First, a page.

Carlos Juan Finlay was born on December 3, 1833 in Puerto Principe (now Camagüey), Cuba. He was the son of Scottish-born Dr. Edward (Eduardo) Finlay and French-born Elisa (Isabel) de Barrés. His father was a physician who had fought alongside Simón Bolívar, and his family owned a coffee plantation in Alquízar. He attended school in France in 1844, but was forced to return to Cuba after two years because he contracted cholera. After recovering, he returned to Europe in 1848, but stayed in England for another two years due to political turmoil, and after arriving in France to continue his education, he contracted typhoid fever and again returned to Cuba.
The University of Havana would not recognize his European academic credits, so he enrolled at Jefferson Medical College in Philadelphia, Pennsylvania, which did not require prerequisites. Finlay met John Kearsley Mitchell, a proponent of the germ theory of disease, and his son Silas Weir Mitchell, who supervised his studies. He graduated from Jefferson Medical College in 1855. He then returned to Havana and set up an ophthalmology practice in 1857, and then studied in Paris from 1860–61.
He was the first to theorize, in 1881, that a mosquito was a carrier, now known as a disease vector, of the organism causing yellow fever: a mosquito that bites a victim of the disease could subsequently bite and thereby infect a healthy person. He presented this theory at the 1881 International Sanitary Conference, where it was well received. A year later, Finlay identified a mosquito of the genus Aedes as the organism transmitting yellow fever. His theory was followed by the recommendation to control the mosquito population as a way to control the spread of the disease. His hypothesis and exhaustive proofs were confirmed later by the Walter Reed Commission of 1900. Finlay went on to become the chief health officer of Cuba from 1902 to 1909. Although Reed received much of the credit in history books for “beating” yellow fever, Reed himself credited Finlay with the discovery of the yellow fever vector, and thus how it might be controlled. Reed often cited Finlay’s papers in his own articles and gave him credit for the discovery in his personal correspondence.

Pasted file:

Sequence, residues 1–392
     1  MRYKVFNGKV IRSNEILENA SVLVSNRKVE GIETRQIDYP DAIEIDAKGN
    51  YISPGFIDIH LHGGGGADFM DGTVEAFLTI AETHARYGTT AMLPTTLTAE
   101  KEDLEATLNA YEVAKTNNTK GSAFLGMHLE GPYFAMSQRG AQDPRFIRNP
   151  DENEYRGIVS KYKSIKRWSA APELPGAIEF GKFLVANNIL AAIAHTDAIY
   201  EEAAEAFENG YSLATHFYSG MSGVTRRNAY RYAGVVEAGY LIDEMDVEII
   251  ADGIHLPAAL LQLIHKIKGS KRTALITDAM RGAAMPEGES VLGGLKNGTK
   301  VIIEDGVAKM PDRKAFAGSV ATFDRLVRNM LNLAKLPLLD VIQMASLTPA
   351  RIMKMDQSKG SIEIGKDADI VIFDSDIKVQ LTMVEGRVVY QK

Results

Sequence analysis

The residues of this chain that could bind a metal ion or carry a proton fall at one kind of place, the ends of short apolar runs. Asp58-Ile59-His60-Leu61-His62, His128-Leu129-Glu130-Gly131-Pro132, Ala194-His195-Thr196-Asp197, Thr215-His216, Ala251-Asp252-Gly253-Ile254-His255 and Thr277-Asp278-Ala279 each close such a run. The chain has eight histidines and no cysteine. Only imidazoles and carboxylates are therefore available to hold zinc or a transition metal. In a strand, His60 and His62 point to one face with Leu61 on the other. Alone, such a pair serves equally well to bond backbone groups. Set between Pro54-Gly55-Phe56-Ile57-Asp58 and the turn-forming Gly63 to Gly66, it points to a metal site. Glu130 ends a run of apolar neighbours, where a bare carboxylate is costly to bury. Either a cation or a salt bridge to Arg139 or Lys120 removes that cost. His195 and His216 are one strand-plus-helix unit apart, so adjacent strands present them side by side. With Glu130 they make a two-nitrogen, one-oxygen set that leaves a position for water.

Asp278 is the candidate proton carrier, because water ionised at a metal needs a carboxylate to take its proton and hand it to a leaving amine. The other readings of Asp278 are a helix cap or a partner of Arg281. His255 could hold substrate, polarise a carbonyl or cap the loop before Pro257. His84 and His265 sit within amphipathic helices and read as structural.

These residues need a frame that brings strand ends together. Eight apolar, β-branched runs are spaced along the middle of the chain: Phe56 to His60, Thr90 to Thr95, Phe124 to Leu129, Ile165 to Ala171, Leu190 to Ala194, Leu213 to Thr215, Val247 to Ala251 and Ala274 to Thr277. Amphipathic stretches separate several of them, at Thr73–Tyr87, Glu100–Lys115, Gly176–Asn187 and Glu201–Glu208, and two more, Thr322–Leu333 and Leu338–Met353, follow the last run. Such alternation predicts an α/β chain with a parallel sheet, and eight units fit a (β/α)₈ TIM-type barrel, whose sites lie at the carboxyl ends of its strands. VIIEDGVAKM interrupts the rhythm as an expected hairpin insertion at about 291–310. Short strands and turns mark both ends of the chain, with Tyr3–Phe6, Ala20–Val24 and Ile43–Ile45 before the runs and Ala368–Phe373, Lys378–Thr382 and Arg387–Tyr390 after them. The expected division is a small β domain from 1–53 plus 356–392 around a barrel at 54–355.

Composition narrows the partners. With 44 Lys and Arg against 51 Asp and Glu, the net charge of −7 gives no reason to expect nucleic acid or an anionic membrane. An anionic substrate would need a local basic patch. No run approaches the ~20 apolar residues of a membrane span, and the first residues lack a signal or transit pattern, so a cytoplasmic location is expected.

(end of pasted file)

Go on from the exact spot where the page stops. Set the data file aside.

This discovery helped William C. Gorgas reduce the incidence and prevalence of mosquito-borne diseases in Panama during the American campaign, from 1903 onwards, to construct the Panama Canal. Prior to this, about 10% of the workforce had died each year from malaria and yellow fever.
Finlay was a member of Havana’s Royal Academy of Medical, Physical and Natural Sciences. He was fluent in French, German, Spanish, and English and could read Latin. His interests were widespread and he wrote articles on subjects as varied as leprosy, cholera, gravity, and plant diseases. His main interest, however, was yellow fever, and he was the author of 40 articles on this disease. His theory that an intermediary host was responsible for the spread of the disease was treated with ridicule for years. A humane man, he often took on patients who could not afford medical care. As a result of his work, Finlay was nominated seven times for the Nobel Prize in Physiology or Medicine, although he was never awarded the prize. He received the National Order of the Legion of Honour of France in 1908.
Finlay died from a stroke, caused by severe brain seizures, at his house in Havana on August 20, 1915.